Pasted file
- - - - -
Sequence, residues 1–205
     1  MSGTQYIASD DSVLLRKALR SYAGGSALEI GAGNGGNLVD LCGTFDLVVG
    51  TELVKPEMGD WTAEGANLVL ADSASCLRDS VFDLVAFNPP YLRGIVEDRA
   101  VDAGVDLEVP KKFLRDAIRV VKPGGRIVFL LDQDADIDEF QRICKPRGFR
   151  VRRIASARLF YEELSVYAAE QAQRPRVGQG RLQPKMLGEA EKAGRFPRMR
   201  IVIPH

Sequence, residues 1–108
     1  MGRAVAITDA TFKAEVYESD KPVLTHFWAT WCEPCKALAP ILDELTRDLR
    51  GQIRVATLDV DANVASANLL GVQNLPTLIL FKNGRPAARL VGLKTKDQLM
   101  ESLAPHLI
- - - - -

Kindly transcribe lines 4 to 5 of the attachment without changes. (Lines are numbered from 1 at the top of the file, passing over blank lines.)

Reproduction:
   101  VDAGVDLEVP KKFLRDAIRV VKPGGRIVFL LDQDADIDEF QRICKPRGFR
   151  VRRIASARLF YEELSVYAAE QAQRPRVGQG RLQPKMLGEA EKAGRFPRMR